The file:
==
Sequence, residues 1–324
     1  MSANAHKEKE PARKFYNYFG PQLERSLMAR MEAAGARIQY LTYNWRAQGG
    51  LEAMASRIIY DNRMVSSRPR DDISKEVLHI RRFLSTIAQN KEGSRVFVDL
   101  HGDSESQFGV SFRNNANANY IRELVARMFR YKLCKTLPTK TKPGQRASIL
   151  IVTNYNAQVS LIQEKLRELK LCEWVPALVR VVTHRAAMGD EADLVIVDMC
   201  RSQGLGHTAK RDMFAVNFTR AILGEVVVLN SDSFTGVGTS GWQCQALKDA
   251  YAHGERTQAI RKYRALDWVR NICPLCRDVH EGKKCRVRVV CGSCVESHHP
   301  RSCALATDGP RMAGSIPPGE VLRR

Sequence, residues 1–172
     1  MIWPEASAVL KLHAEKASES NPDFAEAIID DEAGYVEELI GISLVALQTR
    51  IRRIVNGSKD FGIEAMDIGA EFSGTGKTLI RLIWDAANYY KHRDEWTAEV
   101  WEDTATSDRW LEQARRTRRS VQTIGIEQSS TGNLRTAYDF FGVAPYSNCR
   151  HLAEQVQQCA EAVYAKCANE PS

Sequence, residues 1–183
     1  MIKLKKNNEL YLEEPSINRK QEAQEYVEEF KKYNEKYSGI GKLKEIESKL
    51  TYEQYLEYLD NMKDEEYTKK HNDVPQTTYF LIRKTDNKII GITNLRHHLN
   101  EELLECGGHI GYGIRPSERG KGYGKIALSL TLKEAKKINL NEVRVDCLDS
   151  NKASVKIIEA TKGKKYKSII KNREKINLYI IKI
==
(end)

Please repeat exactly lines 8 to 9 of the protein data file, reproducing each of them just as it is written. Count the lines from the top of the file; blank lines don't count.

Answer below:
   301  RSCALATDGP RMAGSIPPGE VLRR

Sequence, residues 1–172